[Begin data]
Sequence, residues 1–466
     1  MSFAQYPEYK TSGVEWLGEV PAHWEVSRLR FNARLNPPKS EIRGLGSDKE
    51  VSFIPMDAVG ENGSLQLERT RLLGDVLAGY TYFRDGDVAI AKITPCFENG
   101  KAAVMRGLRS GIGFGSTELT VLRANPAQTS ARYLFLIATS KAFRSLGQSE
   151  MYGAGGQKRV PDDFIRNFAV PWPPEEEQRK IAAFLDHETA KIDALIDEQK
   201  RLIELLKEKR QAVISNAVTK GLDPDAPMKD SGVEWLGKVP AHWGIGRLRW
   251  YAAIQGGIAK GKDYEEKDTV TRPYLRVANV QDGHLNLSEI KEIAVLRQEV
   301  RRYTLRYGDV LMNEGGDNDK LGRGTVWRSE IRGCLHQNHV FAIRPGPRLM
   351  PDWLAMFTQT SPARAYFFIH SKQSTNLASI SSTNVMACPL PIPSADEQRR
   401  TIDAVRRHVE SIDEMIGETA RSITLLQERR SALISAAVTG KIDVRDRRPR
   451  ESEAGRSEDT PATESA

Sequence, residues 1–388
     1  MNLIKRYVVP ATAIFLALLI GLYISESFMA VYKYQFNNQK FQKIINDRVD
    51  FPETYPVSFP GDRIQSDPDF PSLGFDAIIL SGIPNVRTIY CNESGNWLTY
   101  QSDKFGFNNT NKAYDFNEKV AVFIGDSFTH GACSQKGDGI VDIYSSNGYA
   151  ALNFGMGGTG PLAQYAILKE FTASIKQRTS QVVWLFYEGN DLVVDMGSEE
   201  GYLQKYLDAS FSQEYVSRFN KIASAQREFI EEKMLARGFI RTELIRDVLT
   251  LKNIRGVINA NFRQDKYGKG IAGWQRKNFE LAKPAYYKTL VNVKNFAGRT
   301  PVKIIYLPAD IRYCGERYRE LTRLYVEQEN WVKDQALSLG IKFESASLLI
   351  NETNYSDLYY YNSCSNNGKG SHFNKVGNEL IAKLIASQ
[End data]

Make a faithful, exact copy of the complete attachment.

Sequence, residues 1–466
     1  MSFAQYPEYK TSGVEWLGEV PAHWEVSRLR FNARLNPPKS EIRGLGSDKE
    51  VSFIPMDAVG ENGSLQLERT RLLGDVLAGY TYFRDGDVAI AKITPCFENG
   101  KAAVMRGLRS GIGFGSTELT VLRANPAQTS ARYLFLIATS KAFRSLGQSE
   151  MYGAGGQKRV PDDFIRNFAV PWPPEEEQRK IAAFLDHETA KIDALIDEQK
   201  RLIELLKEKR QAVISNAVTK GLDPDAPMKD SGVEWLGKVP AHWGIGRLRW
   251  YAAIQGGIAK GKDYEEKDTV TRPYLRVANV QDGHLNLSEI KEIAVLRQEV
   301  RRYTLRYGDV LMNEGGDNDK LGRGTVWRSE IRGCLHQNHV FAIRPGPRLM
   351  PDWLAMFTQT SPARAYFFIH SKQSTNLASI SSTNVMACPL PIPSADEQRR
   401  TIDAVRRHVE SIDEMIGETA RSITLLQERR SALISAAVTG KIDVRDRRPR
   451  ESEAGRSEDT PATESA

Sequence, residues 1–388
     1  MNLIKRYVVP ATAIFLALLI GLYISESFMA VYKYQFNNQK FQKIINDRVD
    51  FPETYPVSFP GDRIQSDPDF PSLGFDAIIL SGIPNVRTIY CNESGNWLTY
   101  QSDKFGFNNT NKAYDFNEKV AVFIGDSFTH GACSQKGDGI VDIYSSNGYA
   151  ALNFGMGGTG PLAQYAILKE FTASIKQRTS QVVWLFYEGN DLVVDMGSEE
   201  GYLQKYLDAS FSQEYVSRFN KIASAQREFI EEKMLARGFI RTELIRDVLT
   251  LKNIRGVINA NFRQDKYGKG IAGWQRKNFE LAKPAYYKTL VNVKNFAGRT
   301  PVKIIYLPAD IRYCGERYRE LTRLYVEQEN WVKDQALSLG IKFESASLLI
   351  NETNYSDLYY YNSCSNNGKG SHFNKVGNEL IAKLIASQ